The last beetle for the trip was a small 3 mm Darkling Beetle found on a small tree at the end of the trail.

Although the number of beetles encountered during the trip was not particularly large compared to our favorite location Venus Drive, I am happy to be able to find 4 first-time-encountered beetles. I believe that the small number of beetles found is probably due to the high human traffic on the trail during the day. Regardless, it was a fruitful trip.

Saturday, 19 November 2016

Night Walk At Mount Faber Park (18 Nov 2016)

It has been more than a year that I last been to the Mount Faber Park and so I decided to go there for a walk. Here's a photograph of the city area taken from the top of Mount Faber Park.

The first beetle was a bronze-colored Leaf Beetle found hiding under some leaf cover.

It could be the time of the day (slightly before 7 pm) that all the beetles I encountered at the beginning were pretty skittish. Here's a photograph of a 2 mm Jewel Beetle which promptly flew off after one photograph of it.

Near to the Jewel Beetle was a 5 mm Leaf Beetle which was also very alert like the Jewel Beetle.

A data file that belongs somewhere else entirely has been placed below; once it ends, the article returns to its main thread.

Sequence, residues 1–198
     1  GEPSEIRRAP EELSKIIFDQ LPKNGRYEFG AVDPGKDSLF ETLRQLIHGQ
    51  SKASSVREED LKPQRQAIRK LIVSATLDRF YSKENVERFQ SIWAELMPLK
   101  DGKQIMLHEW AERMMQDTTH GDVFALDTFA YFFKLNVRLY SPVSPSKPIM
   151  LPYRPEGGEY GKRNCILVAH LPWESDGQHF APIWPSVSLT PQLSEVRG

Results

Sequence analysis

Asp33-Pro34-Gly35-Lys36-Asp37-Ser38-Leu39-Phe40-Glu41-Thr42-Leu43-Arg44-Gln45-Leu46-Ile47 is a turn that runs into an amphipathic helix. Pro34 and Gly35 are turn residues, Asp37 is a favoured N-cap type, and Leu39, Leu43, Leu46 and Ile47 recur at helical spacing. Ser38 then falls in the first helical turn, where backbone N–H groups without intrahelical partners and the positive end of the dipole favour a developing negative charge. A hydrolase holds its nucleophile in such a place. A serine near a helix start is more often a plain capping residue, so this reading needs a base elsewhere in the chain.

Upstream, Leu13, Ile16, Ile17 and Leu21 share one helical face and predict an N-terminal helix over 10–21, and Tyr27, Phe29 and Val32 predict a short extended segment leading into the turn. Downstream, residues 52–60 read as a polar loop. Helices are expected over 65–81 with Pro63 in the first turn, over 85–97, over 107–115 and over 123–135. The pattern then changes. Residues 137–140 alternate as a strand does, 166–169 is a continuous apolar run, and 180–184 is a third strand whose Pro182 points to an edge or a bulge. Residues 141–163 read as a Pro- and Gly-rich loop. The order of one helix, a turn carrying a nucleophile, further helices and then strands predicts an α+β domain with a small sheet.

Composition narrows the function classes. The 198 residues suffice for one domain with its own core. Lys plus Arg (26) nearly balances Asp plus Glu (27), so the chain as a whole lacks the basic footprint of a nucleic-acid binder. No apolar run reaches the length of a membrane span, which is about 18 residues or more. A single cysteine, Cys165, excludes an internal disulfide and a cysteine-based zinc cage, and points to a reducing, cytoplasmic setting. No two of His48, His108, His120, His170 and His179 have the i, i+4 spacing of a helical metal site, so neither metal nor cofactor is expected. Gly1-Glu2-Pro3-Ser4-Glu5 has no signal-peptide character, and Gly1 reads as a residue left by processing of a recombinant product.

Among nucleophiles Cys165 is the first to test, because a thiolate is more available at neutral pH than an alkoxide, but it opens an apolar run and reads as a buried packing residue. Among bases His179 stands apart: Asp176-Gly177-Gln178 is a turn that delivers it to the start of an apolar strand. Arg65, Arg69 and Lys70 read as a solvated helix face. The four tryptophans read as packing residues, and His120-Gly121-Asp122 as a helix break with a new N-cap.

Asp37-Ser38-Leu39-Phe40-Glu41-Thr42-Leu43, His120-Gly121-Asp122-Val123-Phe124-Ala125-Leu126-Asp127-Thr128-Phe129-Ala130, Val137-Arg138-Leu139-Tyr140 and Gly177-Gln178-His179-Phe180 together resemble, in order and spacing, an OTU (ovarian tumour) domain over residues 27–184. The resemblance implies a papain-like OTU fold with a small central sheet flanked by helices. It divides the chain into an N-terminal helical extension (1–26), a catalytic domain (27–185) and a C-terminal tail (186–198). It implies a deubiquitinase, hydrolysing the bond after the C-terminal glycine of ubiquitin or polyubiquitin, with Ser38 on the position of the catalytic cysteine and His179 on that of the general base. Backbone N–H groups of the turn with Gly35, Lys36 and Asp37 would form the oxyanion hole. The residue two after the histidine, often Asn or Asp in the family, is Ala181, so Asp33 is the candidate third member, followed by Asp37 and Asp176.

There was not much action until the sky became totally dark. On the way to The Peak, I found this 5 mm Darkling Beetle at the base of a small tree.

Moving further along the road leading to The Peak, I was surprised to find this large 25 mm Chafer Beetle (Phyllophaga marginalis). This type of beetle is quite a pest as they make quick work of their food plant because of their size.

It was also about this moment that an unfortunate incident happened.

While I was photographing this beetle at the edge of a forested area, I was approached by an Indian security guard. I was rather puzzled as to why I was approached as the place where I was photographing was no where near to any commercial building or protected installation. The first thing the security guard asked me was "Who give you permission to take photograph here?" I was surprised by the question and so I did a quick look around to make sure that I did not trespass any private property unintentionally.